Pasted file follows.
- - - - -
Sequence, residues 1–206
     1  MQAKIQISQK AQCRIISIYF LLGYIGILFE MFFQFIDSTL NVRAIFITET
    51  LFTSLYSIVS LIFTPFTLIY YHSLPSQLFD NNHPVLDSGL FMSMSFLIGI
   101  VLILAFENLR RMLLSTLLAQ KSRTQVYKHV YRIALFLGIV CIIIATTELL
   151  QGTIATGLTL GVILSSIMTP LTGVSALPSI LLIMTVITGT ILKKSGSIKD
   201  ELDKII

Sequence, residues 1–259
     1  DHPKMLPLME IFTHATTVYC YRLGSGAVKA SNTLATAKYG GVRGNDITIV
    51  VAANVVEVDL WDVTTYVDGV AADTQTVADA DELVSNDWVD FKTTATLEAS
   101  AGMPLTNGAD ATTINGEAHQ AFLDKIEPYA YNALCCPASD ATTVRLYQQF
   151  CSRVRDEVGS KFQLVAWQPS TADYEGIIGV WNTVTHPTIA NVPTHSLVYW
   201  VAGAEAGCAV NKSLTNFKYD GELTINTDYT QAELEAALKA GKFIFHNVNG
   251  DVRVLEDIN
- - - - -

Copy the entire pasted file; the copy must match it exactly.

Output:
Sequence, residues 1–206
     1  MQAKIQISQK AQCRIISIYF LLGYIGILFE MFFQFIDSTL NVRAIFITET
    51  LFTSLYSIVS LIFTPFTLIY YHSLPSQLFD NNHPVLDSGL FMSMSFLIGI
   101  VLILAFENLR RMLLSTLLAQ KSRTQVYKHV YRIALFLGIV CIIIATTELL
   151  QGTIATGLTL GVILSSIMTP LTGVSALPSI LLIMTVITGT ILKKSGSIKD
   201  ELDKII

Sequence, residues 1–259
     1  DHPKMLPLME IFTHATTVYC YRLGSGAVKA SNTLATAKYG GVRGNDITIV
    51  VAANVVEVDL WDVTTYVDGV AADTQTVADA DELVSNDWVD FKTTATLEAS
   101  AGMPLTNGAD ATTINGEAHQ AFLDKIEPYA YNALCCPASD ATTVRLYQQF
   151  CSRVRDEVGS KFQLVAWQPS TADYEGIIGV WNTVTHPTIA NVPTHSLVYW
   201  VAGAEAGCAV NKSLTNFKYD GELTINTDYT QAELEAALKA GKFIFHNVNG
   251  DVRVLEDIN